Proceedings began with a Miller Sack of Bread and three toppings. I begin to tire of the ubiquitous hessian sack of bread served in so many restaurants, but at The Miller of Mansfield the bag is true to the theme of the establishment. The breads were accompanied by whipped smoke bacon butter – richly creamy, smoky and dangerously good. It rather reminded me of smoked cod roe to which I am particularly partial.
In tiny stoneware bowls were a home churned salted butter and a cream cheese topped with tiny diced pieces of apple. These were accompanied by Canapes . Cod croquettes were tiny bites of upmarket fish fingers. A slice of duck ham was skewered along with small apple balls and slivers of cornichon.
When I saw Lobster soup on the menu I was excited as it one of my all-time favourites. The server brought a dish in which nestled tiny capsules of lemon and carrot purees, micro herbs and two, meaty chunks of lobster. She then poured over the creamy bisque. I was not sure at what temperature Nick proposed the soup to be eaten as it was tepid by the time it had been passed from jug to unheated stoneware bowl. I loved the hit of ginger in the soup and could definitely have ordered a full portion of this course.
The fourth course, Mushroom Ragu, was served in a beautiful white bowl. This delicate dish had deeply earthy flavoured, silky black mushroom and cep slices and was topped with mushroom shavings. We mopped our plates for the last drops of mushroom liquor and agreed that this too was a dish we would happily eat another plateful of.
Grilled halibut was course number five. Served with pickled cabbage, Alsace bacon and pear, this was excellent. We enjoyed the nod to the current fermentation frenzy and the pairing of the herb crusted fish with a riff on a ham and sauerkraut duo. The wafer thin slices of pear crisp and tiny balls of pear added a seasonal touch to a well-balanced mélange of flavours.
Course six was a striking dish. Served on a plate with black and white swirls, sirloin steak was served medium rare atop onions and sliced potatoes and topped with micro watercress. The watercress theme was beautifully continued with a gorgeous bright green pool of watercress mayonnaise. The steak was pepper crusted, briefly seared and accompanied by a very rich reduction. Our taste buds were zinging from the black pepper – another well-crafted and executed pairing.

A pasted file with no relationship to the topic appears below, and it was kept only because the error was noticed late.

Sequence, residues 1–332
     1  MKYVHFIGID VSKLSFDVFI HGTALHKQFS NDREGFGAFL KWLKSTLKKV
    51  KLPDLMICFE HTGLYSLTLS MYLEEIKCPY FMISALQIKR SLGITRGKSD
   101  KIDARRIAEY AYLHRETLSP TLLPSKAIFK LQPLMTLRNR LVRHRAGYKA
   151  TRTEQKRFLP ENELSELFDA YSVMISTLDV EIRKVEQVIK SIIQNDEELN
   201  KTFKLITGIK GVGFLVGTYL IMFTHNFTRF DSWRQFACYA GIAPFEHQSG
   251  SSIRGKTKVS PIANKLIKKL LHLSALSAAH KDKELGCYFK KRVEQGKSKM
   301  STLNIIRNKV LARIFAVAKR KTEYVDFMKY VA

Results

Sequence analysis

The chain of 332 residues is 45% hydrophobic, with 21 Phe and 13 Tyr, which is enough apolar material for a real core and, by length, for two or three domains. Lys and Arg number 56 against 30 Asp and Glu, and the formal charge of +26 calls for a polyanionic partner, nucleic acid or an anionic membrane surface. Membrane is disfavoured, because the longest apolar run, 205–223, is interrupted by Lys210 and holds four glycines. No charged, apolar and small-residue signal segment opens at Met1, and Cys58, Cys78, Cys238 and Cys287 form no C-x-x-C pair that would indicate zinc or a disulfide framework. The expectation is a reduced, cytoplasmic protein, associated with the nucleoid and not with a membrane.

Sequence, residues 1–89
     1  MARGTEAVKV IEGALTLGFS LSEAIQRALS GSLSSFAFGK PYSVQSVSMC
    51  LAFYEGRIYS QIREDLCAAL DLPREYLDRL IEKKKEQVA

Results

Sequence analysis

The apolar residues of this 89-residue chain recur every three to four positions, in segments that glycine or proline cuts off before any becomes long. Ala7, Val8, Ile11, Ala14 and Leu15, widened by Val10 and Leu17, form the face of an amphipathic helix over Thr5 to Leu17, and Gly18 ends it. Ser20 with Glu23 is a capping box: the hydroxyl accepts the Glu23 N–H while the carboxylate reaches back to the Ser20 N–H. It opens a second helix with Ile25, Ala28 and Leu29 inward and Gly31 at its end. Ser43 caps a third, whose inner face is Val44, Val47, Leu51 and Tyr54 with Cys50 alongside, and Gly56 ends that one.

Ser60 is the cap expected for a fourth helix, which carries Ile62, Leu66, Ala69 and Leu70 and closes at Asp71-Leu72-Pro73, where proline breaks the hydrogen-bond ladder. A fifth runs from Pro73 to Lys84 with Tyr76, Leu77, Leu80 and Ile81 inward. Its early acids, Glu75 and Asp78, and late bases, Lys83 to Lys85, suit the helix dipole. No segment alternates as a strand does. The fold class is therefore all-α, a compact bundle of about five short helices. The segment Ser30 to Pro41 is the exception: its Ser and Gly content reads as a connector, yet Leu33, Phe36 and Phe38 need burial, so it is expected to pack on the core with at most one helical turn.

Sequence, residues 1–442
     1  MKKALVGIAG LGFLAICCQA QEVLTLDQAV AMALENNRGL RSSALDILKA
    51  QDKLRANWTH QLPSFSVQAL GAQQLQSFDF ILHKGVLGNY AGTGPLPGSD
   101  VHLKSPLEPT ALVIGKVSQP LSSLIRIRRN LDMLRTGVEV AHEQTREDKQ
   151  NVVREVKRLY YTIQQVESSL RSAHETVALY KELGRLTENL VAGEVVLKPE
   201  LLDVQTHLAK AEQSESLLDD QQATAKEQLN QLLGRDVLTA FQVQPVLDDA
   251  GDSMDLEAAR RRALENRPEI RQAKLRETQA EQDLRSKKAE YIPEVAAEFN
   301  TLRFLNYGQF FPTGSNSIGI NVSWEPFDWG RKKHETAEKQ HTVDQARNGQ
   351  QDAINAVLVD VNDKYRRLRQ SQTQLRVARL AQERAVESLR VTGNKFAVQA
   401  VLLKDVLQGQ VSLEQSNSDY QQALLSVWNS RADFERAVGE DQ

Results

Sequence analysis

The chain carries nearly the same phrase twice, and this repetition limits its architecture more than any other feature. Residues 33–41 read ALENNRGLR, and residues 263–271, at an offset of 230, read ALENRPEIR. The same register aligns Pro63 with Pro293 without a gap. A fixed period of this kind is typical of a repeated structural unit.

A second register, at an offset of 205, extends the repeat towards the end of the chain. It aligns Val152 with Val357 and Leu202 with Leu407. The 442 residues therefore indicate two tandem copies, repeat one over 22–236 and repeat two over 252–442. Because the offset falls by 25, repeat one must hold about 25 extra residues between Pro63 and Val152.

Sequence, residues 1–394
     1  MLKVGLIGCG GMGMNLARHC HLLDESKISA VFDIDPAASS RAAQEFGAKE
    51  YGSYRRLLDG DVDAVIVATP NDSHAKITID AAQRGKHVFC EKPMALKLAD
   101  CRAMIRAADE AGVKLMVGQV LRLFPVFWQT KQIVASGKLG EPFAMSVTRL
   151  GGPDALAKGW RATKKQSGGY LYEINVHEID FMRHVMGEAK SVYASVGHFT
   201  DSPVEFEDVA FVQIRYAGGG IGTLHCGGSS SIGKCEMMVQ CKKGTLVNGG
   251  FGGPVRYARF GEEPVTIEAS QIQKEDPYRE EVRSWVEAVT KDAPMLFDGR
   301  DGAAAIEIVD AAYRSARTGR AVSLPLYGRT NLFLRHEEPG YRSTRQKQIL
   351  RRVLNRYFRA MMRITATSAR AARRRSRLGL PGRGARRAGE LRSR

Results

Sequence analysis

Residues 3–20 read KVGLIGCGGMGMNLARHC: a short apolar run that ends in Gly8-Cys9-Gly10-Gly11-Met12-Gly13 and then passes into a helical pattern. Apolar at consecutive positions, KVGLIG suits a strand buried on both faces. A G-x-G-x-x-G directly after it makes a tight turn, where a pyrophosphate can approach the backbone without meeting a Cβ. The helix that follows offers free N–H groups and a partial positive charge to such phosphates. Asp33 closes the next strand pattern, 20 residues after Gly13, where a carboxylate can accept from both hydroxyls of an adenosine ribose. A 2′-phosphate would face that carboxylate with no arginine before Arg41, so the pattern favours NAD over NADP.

Course seven, Pumpkin Pie, was a delight. It arrived on a plate so charming that I wondered where I could possibly buy a few to take home. It looked like a slice of tree trunk providing a visual pun of a log at autumn time being used for bonfire night. It being just past Halloween, the pie was seasonal and deconstructed. A biscuit base was provided by a tiny square of gingerbread which was topped with a cinnamon marshmallow and accompanied by a quenelle of pumpkin ice cream and a sprig of lemon verbena. Caramelised pumpkin seeds were scattered about the tree trunk plate.
This is precisely the sort of dish one hopes to find on a tasting menu – one that combines the visual and the gustatory mixed with a good dose of the chef’s sense of humour. Crockery matters these days with chefs and public alike. Some tasting menus sport more interesting plates than food. The Miller of Mansfield gets the balance right.
The final course was Pear Crumble with Buttermilk ice cream and presented a quenelle of ice cream along with a reappearance of the pear crisp from the fish course. It had a crispy topping, sweet pear and a waft of cinnamon but was overshadowed by the Pumpkin Pie.
An Americano and a mint tea were accompanied by macaroons – grapefruit and a coconut, white chocolate and passion fruit flavour.
The next morning felt far too soon to be eating again yet my husband happily put away a bowl of muesli followed by a Full English. It must be the country air. I enjoyed poached eggs on toast and a welcome pot of tea.
Having brought our walking shoes in anticipation of a clear, crisp day we set off into the hills where a fine view of the Thames and surrounding countryside could be enjoyed.